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A Unique Bond: Twin Bereavement and Lifespan Associations of Identical and Fraternal Twins

Author

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  • van den Berg, Gerard J.

    () (University of Bristol)

  • Drepper, Bettina

    () (Tilburg University)

Abstract

Empirical analyses of twin mortality often use models with dependent unobserved frailty terms capturing genetic and childhood environmental determinants. This ignores that mortality rates can be co-dependent due to bereavement effects, i.e. to a time-dependent causal effect of the loss of the co-twin on the mortality rate of the surviving twin. We develop a novel methodology and perform an empirical analysis based on a comprehensive model incorporating both types of dependence. We prove full identification without functional-form restrictions and we estimate models with data on twin pairs from the Danish Twin Registry. Among men, the loss of an identical co-twin at age 75 causally reduces the remaining lifetime on average by more than a year. This bereavement effect is less severe among non-identical twins or if the loss occurs at a higher age. Estimates of correlations between the frailty terms by zygosity and the ensuing implications for the relative importance of mortality determinants are highly sensitive to whether bereavement is taken into account.

Suggested Citation

  • van den Berg, Gerard J. & Drepper, Bettina, 2018. "A Unique Bond: Twin Bereavement and Lifespan Associations of Identical and Fraternal Twins," IZA Discussion Papers 11448, Institute for the Study of Labor (IZA).
  • Handle: RePEc:iza:izadps:dp11448
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    References listed on IDEAS

    as
    1. van den Berg, Gerard J. & Lindeboom, Maarten & Portrait, France, 2011. "Conjugal bereavement effects on health and mortality at advanced ages," Journal of Health Economics, Elsevier, vol. 30(4), pages 774-794, July.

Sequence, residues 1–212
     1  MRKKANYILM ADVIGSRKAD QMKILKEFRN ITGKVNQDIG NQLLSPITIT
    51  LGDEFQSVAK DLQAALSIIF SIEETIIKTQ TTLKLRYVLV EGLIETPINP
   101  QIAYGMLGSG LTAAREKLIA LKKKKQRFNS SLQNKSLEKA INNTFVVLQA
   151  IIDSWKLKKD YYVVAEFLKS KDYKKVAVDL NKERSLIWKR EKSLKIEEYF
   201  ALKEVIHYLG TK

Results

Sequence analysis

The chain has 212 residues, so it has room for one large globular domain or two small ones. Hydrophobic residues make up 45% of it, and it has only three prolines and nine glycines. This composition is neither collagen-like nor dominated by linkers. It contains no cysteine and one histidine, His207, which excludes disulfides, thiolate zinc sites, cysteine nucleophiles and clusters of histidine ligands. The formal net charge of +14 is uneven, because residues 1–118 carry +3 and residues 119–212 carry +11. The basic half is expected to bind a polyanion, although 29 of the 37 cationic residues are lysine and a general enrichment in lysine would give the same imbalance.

2. Maarten Lindeboom & France Portrait & Gerard J. van den Berg, 2002. "An econometric analysis of the mental-health effects of major events in the life of older individuals," Health Economics, John Wiley & Sons, Ltd., vol. 11(6), pages 505-520.
    3. Gourieroux, Christian & Lu, Yang, 2015. "Love and death: A Freund model with frailty," Insurance: Mathematics and Economics, Elsevier, vol. 63(C), pages 191-203.
    4. Andreas Wienke & Kaare Christensen & Axel Skytthe & Anatoli I. Yashin, 2002. "Genetic analysis of cause of death in a bivariate lifetime model with dependent competing risks," MPIDR Working Papers WP-2002-013, Max Planck Institute for Demographic Research, Rostock, Germany.
    5. repec:cup:astinb:v:47:y:2017:i:03:p:837-874_00 is not listed on IDEAS
    6. Bowling, Ann, 1987. "Mortality after bereavement: A review of the literature on survival periods and factors affecting survival," Social Science & Medicine, Elsevier, vol. 24(2), pages 117-124, January.
    7. Manor, Orly & Eisenbach, Zvi, 2003. "Mortality after spousal loss: are there socio-demographic differences?," Social Science & Medicine, Elsevier, vol. 56(2), pages 405-413, January.
    8. Jaap H. Abbring & Gerard J. van den Berg, 2003. "The Nonparametric Identification of Treatment Effects in Duration Models," Econometrica, Econometric Society, vol. 71(5), pages 1491-1517, September.
    9. Chris Elbers & Geert Ridder, 1982. "True and Spurious Duration Dependence: The Identifiability of the Proportional Hazard Model," Review of Economic Studies, Oxford University Press, vol. 49(3), pages 403-409.
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    More about this item

    Keywords

    mortality; longevity; duration; frailty; genetic determinants; hazard rate; identification; loss of co-twin;

    JEL classification:

    • C41 - Mathematical and Quantitative Methods - - Econometric and Statistical Methods: Special Topics - - - Duration Analysis; Optimal Timing Strategies
    • C32 - Mathematical and Quantitative Methods - - Multiple or Simultaneous Equation Models; Multiple Variables - - - Time-Series Models; Dynamic Quantile Regressions; Dynamic Treatment Effect Models; Diffusion Processes; State Space Models
    • I14 - Health, Education, and Welfare - - Health - - - Health and Inequality

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